Fear and loathing in monuments: Rethinking the politics and practices of monumentality and monumentalization

Research output: Contribution to journalArticlepeer-review

Abstract

Monuments—and the function and import of monumentality and practices of monumentalization—are currently under incredible scrutiny. Should historical statues of racist figures and pasts be left as they are or removed and destroyed? Should they be rehomed in statue parks intended as final resting places for disgraced statues? Or should they be left but with additional monuments and memorials added to their surroundings to provide further context? At the root of these debates is a fundamental inquiry about not just what monuments are but, more importantly, what monuments are intended to do for and within a body politic. In scholarly dialogue with Doss, Santino, Savage, Young, and others, I assert that we need to reorient and expand our thinking about monuments. I argue that monuments function as speech acts, and although they rarely speak for an entire body politic, monuments play a critical role in shaping historical narratives and cultural reckoning with racist, brutally violent pasts and their lived afterlives. Moreover, while in many respects backward-facing, monuments are also profoundly future-facing in the values and narratives they symbolize and articulate and the kinds of spaces and community practices they have the potential to cultivate. I analyze two different monument projects: Aida Šehović’s transnational nomadic monument to the Srebrenica genocide, ŠTO TE NEMA, and Landmarked, Ada Pinkston’s embodied replacement and reimagining of spaces where Confederate and slavery monuments used to be in the Eastern United States. These monument projects, I argue, challenge us to revisit the politics and practices of monumentality and monumentalization in relation to unworked-through racist pasts and, in this incredible moment of reckoning and crisis, suggest new possibilities for how we understand—and cultivate—monuments moving forward.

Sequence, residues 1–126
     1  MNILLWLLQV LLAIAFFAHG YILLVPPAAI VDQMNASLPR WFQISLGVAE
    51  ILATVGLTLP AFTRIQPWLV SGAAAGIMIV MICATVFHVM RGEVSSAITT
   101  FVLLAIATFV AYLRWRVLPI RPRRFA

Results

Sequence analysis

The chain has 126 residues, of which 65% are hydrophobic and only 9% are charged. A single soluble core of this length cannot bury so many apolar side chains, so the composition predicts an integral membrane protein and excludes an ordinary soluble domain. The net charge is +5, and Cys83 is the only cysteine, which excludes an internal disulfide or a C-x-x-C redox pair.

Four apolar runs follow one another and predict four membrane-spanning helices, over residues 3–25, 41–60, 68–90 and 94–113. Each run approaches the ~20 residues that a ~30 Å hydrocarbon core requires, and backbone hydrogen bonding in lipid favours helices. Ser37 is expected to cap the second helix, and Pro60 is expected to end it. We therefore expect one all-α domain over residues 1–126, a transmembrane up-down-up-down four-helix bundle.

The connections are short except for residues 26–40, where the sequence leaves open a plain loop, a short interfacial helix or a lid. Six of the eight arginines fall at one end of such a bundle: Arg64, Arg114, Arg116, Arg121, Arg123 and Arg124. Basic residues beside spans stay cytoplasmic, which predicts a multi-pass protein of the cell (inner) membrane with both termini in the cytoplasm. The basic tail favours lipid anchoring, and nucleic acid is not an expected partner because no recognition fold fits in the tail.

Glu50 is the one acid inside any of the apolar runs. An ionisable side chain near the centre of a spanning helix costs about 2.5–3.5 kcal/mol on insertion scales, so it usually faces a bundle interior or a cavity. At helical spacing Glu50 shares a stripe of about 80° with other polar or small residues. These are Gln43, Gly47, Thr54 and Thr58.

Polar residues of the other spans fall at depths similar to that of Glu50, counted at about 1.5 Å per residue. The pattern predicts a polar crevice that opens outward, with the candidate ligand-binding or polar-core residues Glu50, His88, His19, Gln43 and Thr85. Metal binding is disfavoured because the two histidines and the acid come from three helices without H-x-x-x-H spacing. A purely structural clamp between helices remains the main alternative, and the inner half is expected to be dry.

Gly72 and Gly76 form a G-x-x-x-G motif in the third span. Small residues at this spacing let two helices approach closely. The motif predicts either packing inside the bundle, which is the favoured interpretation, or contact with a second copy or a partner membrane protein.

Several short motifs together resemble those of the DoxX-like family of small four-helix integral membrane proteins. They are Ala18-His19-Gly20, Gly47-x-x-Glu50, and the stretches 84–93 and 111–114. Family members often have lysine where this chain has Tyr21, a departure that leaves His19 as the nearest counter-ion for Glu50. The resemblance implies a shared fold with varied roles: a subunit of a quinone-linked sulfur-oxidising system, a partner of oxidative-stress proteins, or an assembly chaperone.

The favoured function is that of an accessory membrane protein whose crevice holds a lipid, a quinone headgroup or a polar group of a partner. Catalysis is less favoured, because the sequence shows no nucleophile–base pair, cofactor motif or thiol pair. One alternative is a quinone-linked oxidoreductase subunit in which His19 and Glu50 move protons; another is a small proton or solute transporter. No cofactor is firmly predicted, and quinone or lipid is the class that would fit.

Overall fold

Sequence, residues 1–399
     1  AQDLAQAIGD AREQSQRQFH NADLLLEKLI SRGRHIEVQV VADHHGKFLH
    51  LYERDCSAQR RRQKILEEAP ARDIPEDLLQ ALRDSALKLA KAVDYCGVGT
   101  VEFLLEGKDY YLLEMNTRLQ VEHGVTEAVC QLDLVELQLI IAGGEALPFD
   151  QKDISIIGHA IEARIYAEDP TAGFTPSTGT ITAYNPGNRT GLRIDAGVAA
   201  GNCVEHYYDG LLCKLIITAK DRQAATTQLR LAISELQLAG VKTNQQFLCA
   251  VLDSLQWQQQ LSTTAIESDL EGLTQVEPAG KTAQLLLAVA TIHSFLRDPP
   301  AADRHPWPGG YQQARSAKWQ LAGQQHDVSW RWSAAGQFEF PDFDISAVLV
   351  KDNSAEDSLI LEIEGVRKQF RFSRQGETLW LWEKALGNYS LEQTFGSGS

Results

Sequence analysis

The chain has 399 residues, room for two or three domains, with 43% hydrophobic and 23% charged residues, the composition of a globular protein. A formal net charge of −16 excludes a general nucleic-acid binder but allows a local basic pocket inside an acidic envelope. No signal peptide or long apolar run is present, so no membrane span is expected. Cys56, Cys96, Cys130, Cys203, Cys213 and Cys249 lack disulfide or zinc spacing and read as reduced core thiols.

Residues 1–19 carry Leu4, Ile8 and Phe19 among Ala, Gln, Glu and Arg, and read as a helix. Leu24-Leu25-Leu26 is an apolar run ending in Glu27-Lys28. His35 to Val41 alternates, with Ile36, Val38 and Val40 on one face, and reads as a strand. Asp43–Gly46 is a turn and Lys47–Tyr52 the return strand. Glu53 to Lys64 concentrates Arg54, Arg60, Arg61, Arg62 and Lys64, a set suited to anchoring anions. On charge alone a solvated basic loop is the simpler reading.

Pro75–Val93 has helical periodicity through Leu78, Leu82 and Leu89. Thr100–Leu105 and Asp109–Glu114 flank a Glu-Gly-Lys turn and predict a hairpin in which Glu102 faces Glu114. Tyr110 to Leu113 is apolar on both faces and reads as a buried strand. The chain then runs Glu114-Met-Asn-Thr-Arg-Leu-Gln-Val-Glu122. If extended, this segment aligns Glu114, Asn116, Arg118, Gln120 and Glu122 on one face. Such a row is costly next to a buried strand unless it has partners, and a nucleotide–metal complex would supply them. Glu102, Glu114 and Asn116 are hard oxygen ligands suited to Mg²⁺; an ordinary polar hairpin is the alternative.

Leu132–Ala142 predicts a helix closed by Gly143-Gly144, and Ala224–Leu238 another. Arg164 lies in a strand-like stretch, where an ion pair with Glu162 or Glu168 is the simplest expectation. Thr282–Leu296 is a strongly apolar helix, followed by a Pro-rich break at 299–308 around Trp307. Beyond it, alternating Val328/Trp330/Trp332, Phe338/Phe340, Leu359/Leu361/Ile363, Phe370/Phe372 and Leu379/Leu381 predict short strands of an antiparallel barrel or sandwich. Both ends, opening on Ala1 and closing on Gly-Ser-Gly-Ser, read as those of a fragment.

Original languageEnglish (US)
Pages (from-to)1143-1158
Number of pages16
JournalMemory Studies
Volume14
Issue number6
DOIs
StatePublished - Dec 2021
Externally publishedYes

Keywords

  • Bosnia
  • Confederate monuments
  • memory
  • memory sites
  • monuments
  • performance

ASJC Scopus subject areas

  • Social Psychology
  • Cultural Studies
  • Experimental and Cognitive Psychology

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